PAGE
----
Let’s recap the scenario – you’re a hacker who has breached a publicly listed company and you have the potential to cause carnage. As well as stealing data or holding the business to ransom – you fancy yourself as a more of a white-collar cyber-criminal. So, you short-sell your victim and wait for the profits to roll in.
The big question – does it actually happen? The answer is yes – recent research from both Columbia Law School and Iowa State University found significant trading abnormalities for hacked companies before a breach announcement, with both short selling and put options being deployed to make a profit.
Indeed, there appear to be two windows of abnormality, one around nine months before a breach announcement – which is believed to be linked to the criminals carrying out the cyber attack, and another three months before the announcement, when insiders in the victim company look to profit by making their own trades.
In addition to selling short and and buying put options, insiders also have the ability to sell their existing stock. A 2019 study by Spears Business School found significant evidence of opportunistic insider trading, with insiders saving an average of $35k by selling prior to a cybersecurity breach announcement.
The US Security and Exchange Commission can take a dim view of this kind of activity – indeed, Jun Ying, the former CIO of Equifax’s US division was sentenced to prison in 2019 for selling $950,000 of Equifax stock ahead of its breach announcement – saving him from $117,000 in personal losses. Despite this result, most cases go undetected and many believe the SEC regulation continues to be light in this area.
Can we point to any specific examples where we can see this happening? It’s actually hard to point to individual companies because these kinds of trades get lost in the noise of day-to-day volatility. It’s only when extrapolated across several hacked companies that the trends start to emerge. But there are those that stand out – Capital One for example had a clear and significant spike in put option volumes in the window before its breach announcement – however in the absence of data on who made these trades, we can’t draw any specific conclusion.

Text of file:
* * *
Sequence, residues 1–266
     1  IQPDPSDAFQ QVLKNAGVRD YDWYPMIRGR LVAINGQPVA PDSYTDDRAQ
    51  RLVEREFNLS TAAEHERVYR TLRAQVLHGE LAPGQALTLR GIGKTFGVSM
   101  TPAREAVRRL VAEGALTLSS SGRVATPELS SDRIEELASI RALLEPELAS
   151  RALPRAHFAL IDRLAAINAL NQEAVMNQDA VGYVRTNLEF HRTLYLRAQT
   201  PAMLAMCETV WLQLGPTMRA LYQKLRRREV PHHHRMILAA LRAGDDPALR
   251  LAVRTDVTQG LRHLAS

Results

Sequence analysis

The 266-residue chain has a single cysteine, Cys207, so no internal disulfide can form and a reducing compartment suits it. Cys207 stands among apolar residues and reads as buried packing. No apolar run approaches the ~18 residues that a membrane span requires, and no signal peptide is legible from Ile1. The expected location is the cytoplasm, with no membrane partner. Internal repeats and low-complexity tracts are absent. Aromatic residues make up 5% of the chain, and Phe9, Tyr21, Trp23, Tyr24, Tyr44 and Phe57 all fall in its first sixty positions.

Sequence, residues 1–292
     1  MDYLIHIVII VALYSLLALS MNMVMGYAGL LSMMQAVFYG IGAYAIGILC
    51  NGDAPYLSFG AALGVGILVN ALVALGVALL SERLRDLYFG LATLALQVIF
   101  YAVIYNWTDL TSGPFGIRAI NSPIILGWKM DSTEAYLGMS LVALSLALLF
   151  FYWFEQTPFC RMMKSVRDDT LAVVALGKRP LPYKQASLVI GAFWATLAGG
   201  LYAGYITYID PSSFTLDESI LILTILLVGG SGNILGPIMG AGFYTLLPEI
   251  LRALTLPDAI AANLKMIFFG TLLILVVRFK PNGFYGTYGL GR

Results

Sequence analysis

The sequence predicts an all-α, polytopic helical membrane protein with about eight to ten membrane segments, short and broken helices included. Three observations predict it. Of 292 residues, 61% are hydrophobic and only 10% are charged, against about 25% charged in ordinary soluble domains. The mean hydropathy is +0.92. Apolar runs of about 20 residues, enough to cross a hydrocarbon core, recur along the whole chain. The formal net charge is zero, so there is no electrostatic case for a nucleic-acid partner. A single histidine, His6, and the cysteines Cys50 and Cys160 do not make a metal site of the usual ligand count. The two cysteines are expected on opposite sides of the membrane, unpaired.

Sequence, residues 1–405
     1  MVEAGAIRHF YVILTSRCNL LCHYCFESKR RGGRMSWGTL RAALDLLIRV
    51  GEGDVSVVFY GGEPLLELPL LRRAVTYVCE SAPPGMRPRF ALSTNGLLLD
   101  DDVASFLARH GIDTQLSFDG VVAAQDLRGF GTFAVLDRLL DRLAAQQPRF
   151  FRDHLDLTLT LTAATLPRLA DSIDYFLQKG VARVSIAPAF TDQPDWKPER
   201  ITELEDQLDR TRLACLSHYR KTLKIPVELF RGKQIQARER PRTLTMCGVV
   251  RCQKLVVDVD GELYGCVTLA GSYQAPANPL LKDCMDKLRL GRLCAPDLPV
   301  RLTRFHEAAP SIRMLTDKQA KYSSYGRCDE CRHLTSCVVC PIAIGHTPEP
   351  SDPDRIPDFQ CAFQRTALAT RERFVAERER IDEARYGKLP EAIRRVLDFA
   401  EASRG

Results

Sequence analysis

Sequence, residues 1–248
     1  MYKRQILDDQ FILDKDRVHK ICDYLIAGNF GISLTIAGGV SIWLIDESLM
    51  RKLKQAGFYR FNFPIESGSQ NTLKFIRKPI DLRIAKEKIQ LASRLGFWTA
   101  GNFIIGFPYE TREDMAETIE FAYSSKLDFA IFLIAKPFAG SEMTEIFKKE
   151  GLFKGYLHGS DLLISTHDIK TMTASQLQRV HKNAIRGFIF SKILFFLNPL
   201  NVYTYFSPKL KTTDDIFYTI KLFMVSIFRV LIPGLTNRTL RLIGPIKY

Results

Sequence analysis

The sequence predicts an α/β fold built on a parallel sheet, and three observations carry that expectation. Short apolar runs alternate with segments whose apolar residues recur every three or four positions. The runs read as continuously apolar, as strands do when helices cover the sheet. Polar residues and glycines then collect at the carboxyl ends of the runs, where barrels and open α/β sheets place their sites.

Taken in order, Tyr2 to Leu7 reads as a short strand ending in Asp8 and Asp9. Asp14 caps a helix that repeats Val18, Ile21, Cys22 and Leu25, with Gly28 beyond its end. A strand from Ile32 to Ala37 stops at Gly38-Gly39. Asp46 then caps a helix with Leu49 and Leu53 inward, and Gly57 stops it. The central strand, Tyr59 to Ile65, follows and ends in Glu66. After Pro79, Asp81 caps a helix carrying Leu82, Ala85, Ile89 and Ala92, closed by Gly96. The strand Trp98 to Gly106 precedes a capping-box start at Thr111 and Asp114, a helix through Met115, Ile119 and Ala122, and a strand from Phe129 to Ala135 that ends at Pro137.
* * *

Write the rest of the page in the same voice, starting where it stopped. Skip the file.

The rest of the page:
If one thing is certain it’s that criminals are always looking for new opportunities to make money. Indeed, evidence already points to profit being made from the stock market’s reaction to cybersecurity events. From a hackers’ perspective it’s worth looking out for breach ‘announcements’ from criminal groups – the Maze cybercrime group have been doing this recently, often with no evidence of actual compromise, while the REvil group continue to spin the headlines to ensure their victims stay in the media spotlight. Could these techniques be deployed in future to influence the stock-market? From an insider perspective things are moving already – the SEC are widely expected to review ‘informed trading’ around cyber breaches – although whether detection or legislation will be workable remains unknown.
*other ways to make money from the stock market and cyber attacks include:
- Stealing market sensitive information (eg M&A data) to then inform an ‘outsider trading’ strategy (yes this happens)
- Being a hedge fund and engaging a pentest to find vulnerabilities in a med-tech company you are betting against (yes this happened too)
- Any others? Let me know in the comments
Links to studies
https://www.tandfonline.com/doi/full/10.1080/23322039.2019.1645584 Financial market reaction to cyber attacks
https://www.sciencedirect.com/science/article/abs/pii/S138641811930357X Insider trading ahead of cyber breach announcements
https://scholarship.law.columbia.edu/cgi/viewcontent.cgi?article=3085&context=faculty_scholarship Informed Trading and Cybersecurity Breaches
https://papers.ssrn.com/sol3/papers.cfm?abstract_id=3554487 Short Selling Surrounding Data Breach Announcements
https://papers.ssrn.com/sol3/papers.cfm?abstract_id=3478263 Informed Trading in Options Markets Surrounding Data Breaches